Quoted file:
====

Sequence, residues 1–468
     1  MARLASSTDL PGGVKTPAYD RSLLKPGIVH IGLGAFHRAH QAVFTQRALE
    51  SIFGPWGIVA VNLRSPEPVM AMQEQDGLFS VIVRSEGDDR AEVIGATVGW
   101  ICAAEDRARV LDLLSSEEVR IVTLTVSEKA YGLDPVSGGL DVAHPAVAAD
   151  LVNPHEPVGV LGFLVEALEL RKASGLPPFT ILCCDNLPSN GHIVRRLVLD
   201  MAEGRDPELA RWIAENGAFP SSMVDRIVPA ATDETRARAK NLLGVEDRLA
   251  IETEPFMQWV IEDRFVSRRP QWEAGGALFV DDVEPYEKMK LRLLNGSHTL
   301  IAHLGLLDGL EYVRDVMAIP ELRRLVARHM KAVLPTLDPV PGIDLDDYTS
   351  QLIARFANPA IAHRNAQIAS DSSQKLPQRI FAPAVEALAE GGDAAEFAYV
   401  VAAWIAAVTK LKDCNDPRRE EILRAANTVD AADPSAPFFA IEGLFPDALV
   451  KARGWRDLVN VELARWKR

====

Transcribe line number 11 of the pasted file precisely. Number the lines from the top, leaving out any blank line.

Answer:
   451  KARGWRDLVN VELARWKR